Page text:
Oh, kindergarten, those glorious days. How some of us grownups would give to go back in time and learn the basics, use glue sticks, and make macaroni necklaces. Doesn’t that sound incredible?
Many of us also began our days this year by reciting the “Pledge of Allegiance” in front of the school flag. With our right palms on our hearts, the twenty or so of us were trying to recite the words. The artwork is adorable, but I think one boy’s version is even better.
A Texas mother named Lacey Nicole Holmes posted a video on Facebook that brought a lot of people to tears. This is a video of her 2.5-year-old kid in their living room, saying the Pledge of Allegiance.
Toddlers often sing nursery rhymes and tunes from television shows they enjoy (I still can’t stop hearing my kids sing Barney songs!).
You don’t see a young youngster lip-reading the lyrics of a patriotic hymn like our pledge every day. This small boy also knows exactly what he’s doing.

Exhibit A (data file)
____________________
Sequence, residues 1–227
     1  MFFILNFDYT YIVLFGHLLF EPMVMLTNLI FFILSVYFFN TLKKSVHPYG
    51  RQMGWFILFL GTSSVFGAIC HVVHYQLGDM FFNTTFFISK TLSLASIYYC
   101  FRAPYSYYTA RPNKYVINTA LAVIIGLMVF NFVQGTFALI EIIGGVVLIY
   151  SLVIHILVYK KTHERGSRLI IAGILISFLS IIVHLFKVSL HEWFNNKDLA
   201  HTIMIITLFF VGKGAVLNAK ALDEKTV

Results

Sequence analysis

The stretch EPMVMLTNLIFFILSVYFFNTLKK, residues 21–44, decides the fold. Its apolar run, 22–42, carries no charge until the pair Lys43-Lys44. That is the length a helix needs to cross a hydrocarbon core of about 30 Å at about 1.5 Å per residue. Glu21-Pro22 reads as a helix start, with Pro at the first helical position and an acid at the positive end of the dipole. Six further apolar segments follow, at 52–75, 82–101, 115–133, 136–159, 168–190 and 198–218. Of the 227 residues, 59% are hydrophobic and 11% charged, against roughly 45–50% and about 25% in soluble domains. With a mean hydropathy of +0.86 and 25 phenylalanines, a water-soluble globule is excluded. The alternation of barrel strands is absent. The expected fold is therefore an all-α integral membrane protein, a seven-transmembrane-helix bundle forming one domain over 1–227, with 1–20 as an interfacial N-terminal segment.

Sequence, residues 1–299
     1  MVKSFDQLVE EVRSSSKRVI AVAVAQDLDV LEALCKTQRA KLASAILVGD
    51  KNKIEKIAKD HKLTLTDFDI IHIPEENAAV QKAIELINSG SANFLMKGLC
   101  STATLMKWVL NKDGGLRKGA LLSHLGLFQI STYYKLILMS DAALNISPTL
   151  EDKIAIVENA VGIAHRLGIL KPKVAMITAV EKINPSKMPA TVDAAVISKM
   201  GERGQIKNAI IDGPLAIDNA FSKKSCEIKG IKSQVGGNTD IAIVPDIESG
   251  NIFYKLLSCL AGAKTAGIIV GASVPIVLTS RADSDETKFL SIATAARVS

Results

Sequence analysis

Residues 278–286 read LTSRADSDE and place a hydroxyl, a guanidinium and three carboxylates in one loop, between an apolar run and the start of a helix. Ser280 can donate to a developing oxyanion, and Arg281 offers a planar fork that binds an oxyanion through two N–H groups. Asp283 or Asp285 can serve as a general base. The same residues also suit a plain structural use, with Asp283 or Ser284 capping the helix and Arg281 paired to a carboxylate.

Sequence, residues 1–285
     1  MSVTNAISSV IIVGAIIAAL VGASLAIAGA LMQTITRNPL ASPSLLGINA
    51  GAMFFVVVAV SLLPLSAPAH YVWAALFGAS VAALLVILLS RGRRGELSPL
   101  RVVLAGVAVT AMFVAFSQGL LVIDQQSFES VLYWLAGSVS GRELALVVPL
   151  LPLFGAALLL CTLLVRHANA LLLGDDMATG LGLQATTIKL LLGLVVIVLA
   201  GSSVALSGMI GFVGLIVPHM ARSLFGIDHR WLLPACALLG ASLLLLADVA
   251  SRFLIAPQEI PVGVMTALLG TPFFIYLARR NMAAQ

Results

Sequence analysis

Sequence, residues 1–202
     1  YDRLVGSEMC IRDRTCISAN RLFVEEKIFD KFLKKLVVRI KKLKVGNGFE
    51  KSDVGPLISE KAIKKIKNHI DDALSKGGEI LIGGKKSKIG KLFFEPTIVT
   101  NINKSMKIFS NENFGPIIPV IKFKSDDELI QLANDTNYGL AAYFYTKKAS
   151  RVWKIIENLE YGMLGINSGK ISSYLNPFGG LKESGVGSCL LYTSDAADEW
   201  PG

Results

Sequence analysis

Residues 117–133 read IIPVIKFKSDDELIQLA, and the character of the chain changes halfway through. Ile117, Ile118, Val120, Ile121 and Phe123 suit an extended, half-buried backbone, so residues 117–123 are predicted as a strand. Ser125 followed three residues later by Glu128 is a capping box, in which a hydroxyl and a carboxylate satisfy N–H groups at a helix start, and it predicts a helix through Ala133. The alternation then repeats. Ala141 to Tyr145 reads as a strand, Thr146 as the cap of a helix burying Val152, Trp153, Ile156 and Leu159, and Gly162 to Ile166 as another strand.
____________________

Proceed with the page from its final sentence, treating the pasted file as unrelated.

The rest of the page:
Holmes’s little boy may be seen in the video standing in their living room with a monster truck t-shirt on. As we were taught in school, he has put his right hand over his heart to show everyone what he has learnt.
The toddler tells his mother to start recording by saying, “Go.”
The toddler’s eyes flicker upward, giving the impression that he is looking at an American flag in the backdrop, even though there isn’t one visible in the footage. Then he begins to recite patriotic lines.
It’s immediately apparent that he is a little youngster who memorizes the Pledge of Allegiance. But as one might anticipate from a two-year-old, he pronounces the syllables way too preciously.
According to the US History website, Francis Bellamy penned the “Pledge of Allegiance” in 1892, but it was not exactly as it is today. The original text read as follows:
“I swear loyalty to my flag and the Republic it stands for.”
Additionally missing from the original version was “Under God.” With the addition of “under God” in 1954 and “the flag of the United States of America” in 1923, the Pledge of Allegiance changed over time.